Tuesday, October 6, 2009

Half a billion in government sponsored online courses? This could be good.

We're talking about the White House proposal for an "Online Skills Laboratory." Just to get the political thing out of the way, unless you consider a consistent dose of skepticism to be such, you won't find political axe-grinding here. I do not make a habit of trusting politicians, and recommend the same to others. Whether they butcher the King's English or make it spill shafts of golden light from on high, they are still politicians and need to be held accountable to the electorate. I care about what they say they stand for, but I care a whole lot more about what they actually do. So I'm looking at this in a very pragmatic, and as I hope you'll see, a very non-partisan light.

Okay, now I can say it. I think this thing could be a good idea. One of the key roles of government when it does spend, as it will and it must, is to incentivize the right things. If you're actually sparking real economic growth, then the spending is in fact an investment. I can't really speak to the gazillion borrowed dollars this administration has so far committed to various and sundry, but here in this little corner of the world, a corner that I know something about, if the current federal gunslingers stick to the guns they've already drawn, they could very well shoot a bulls eye.

So what are they talking about? They're pushing something of a "public option" for online education, but let's break it down and see if it competes with an already healthy sector, or if it in fact sparks growth. First, let's look at how the thing is actually being described. Here's the wording from the proposal,* with bold added where I will make my comments below:

Create a New Online Skills Laboratory:

Online educational software has the potential to help students learn more in less time than they would with traditional classroom instruction alone. Interactive software can tailor instruction to individual students like human tutors do, while simulations and multimedia software offer experiential learning. Online instruction can also be a powerful tool for extending learning opportunities to rural areas or working adults who need to fit their coursework around families and jobs. New open online courses will create new routes for students to gain knowledge, skills and credentials. They will be developed by teams of experts in content knowledge, pedagogy, and technology and made available for modification, adaptation and sharing. The Departments of Defense, Education, and Labor will work together to make the courses freely available through one or more community colleges and the Defense Department's distributed learning network, explore ways to award academic credit based upon achievement rather than class hours, and rigorously evaluate the results.

Now let's take a look at how this all could work for good and not for evil. Admittedly, it will take a little imagination and a lot of work to flesh this out, but stay with me.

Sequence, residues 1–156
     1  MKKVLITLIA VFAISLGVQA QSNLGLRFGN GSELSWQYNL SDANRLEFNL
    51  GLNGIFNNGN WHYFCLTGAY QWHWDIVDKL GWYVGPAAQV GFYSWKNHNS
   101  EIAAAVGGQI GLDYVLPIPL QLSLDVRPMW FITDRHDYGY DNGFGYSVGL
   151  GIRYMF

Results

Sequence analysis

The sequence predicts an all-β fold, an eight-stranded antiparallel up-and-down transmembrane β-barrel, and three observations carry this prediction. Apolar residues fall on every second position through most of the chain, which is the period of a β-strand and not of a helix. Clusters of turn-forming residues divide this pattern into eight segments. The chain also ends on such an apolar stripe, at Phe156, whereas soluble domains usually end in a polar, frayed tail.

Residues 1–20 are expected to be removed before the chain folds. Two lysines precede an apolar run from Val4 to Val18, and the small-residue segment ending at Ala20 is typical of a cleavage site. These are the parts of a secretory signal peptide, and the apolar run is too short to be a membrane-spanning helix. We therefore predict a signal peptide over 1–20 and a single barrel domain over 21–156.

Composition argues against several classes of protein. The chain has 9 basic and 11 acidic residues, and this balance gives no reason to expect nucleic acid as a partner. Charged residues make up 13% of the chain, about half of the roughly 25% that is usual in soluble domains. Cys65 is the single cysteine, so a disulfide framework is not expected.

Skills. This is not primarily formal education, but a way to build up specific skills. These skills are not defined. But let's assume that we're talking about marketable skills. In fact, the President talks a lot about the need to "prepare our people with the skills they need to compete in this global economy."** Re-skilling the workforce is one of the most critical needs we have as a nation, and as an economy. The ability to move motivated, intelligent workers from one field that is shrinking (say, real estate) to another that is growing (say, healthcare) is huge. Finding those with the potential and the proclivity but without the pathway, and getting them into these real jobs, is also huge. We aren't doing any of this fast enough. Every tax dollar spent actually getting this done would very easily turn into ten or a hundred tax dollars later. Not to mention putting more real money into the economy. So how would it work?

Interactive software.
Not faculty-based. The software contemplated here, as I read it and then envision it, is your standard self-paced software, where the technology does the interacting. This just makes sense, because self-paced means it costs almost nothing to put lots of people through it, once a system is built. Universities don't work this way. MyMathLab from Pearson does work this way, and is a great product, but it's not designed to re-skill the workforce; it's a textbook supplement, and a homework engine. So what type of interactive software will work? Show me a system that fits what I'm describing below, and I'll help write a proposal to get it front and center. Somebody gets a good government contract. Maybe more than one somebody.

Tailored instruction. This is not cohort based. These are not the usual sort of courses. The opportunity is to build a system that can teach and measure the skills of individuals. So, imagine a process in which these "free" courses actually double as aptitude tests, so that students who excel can earn a credential of some sort, even a certificate, that shows that they're good at a particular skill. It helps them get jobs, or get scholarships, or get accepted into a program, or get a school loan. Imagine these courses bridging the college-readiness gap. Imagine a non-human-being-intensive system that creates the thoughtful movement of people with untapped abilities into fields where they can make a living, and make a difference. I can imagine it. I'm having a little trouble imagining the government running it, but if it's based on grant money, it needn't be government run. The content isn't defined, which worries me some. But it is targeting...